Getting there & away
For high-season travel, which basically means flying to Brazil between mid-December and the end of February, tickets cost about US$300 more than they do during the rest of the year.
Rio de Janeiro is Brazil’s most popular international gateway, and has many travel agents. For student fares, try the Student Travel Bureau (STB; 0xx21-2512 8577; www.stb.com.br; Rua Visconde de Pirajá 550, Ipanema), which has some 30 branches around the country. Discount agencies in São Paulo include US Tour (0xx11-3815 8262; www.ustour.com.br). Websites with cheap flights include www.passagembarata.net.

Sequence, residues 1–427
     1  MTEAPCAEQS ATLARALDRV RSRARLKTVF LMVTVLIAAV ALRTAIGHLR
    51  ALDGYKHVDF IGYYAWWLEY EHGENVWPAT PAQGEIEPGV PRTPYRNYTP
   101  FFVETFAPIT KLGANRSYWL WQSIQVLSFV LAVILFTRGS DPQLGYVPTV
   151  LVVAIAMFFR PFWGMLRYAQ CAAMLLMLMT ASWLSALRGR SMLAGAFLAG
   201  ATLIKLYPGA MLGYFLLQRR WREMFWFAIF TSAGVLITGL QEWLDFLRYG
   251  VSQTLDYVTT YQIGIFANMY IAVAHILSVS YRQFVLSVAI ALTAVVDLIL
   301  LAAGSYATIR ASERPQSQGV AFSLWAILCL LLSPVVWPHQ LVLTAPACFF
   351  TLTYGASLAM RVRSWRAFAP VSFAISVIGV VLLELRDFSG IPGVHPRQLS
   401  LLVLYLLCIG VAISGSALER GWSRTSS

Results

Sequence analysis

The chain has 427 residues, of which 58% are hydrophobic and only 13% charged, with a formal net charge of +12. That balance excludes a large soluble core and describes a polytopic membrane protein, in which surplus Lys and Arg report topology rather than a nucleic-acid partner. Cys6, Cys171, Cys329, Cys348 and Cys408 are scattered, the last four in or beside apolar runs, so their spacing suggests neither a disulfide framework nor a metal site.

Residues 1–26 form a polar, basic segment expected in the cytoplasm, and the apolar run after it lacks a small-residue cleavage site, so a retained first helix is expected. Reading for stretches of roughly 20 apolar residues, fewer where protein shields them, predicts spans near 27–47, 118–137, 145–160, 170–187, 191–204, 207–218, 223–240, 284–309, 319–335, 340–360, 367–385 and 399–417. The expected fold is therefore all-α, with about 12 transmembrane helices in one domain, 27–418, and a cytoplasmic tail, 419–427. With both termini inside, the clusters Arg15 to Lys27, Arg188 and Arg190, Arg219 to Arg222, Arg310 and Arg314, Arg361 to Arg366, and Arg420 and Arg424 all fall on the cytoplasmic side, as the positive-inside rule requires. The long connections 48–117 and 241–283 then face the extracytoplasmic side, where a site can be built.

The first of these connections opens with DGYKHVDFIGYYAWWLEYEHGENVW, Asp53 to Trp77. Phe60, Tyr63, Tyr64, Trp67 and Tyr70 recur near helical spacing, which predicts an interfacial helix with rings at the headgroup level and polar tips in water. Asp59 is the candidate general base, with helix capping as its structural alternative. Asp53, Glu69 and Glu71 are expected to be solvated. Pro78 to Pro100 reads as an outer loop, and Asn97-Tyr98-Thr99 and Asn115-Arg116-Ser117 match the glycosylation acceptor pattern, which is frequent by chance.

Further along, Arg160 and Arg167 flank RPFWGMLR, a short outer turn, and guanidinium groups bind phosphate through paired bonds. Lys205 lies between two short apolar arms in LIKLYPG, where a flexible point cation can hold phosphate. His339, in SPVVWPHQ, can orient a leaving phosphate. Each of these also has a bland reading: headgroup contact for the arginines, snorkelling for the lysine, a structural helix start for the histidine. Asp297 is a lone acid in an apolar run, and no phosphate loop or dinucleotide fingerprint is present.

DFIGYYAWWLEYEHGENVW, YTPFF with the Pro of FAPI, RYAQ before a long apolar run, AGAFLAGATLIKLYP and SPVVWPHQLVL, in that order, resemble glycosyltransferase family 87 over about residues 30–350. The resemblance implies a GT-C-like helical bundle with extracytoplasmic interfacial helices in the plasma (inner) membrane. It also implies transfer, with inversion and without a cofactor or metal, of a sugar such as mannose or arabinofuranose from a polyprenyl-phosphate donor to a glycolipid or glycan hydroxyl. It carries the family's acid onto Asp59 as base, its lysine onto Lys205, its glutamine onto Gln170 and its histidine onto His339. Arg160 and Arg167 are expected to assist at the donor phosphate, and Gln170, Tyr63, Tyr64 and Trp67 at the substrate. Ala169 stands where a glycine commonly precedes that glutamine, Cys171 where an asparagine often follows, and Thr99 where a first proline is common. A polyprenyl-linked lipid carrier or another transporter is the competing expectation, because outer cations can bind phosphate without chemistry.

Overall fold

The passenger-boat service on the Rio Paraguai between Corumbá (Mato Grosso do Sul) and Asunción (Paraguay) has been discontinued. You might be able to travel this route using a sequence of cargo and/or naval boats, but it would take time and luck.
Fast passenger boats make the 400km trip (US$50 to US$80, eight to 10 hours) along the Rio Amazonas between Iquitos (Peru) and Tabatinga (Brazil). From Tabatinga you can continue 3000km down the river to its mouth.
There’s direct land access to Brazil from nine countries. Several border towns can also be reached by air or river.
International buses travel between Brazil and Argentina, Paraguay and Uruguay, along decent roads. Prices of bus tickets between countries are substantially more than you’d pay if you took a bus to the border, crossed on foot and caught another on the other side, but you’ll lose a lot of time that way. If arriving by bus, make sure your papers are in order.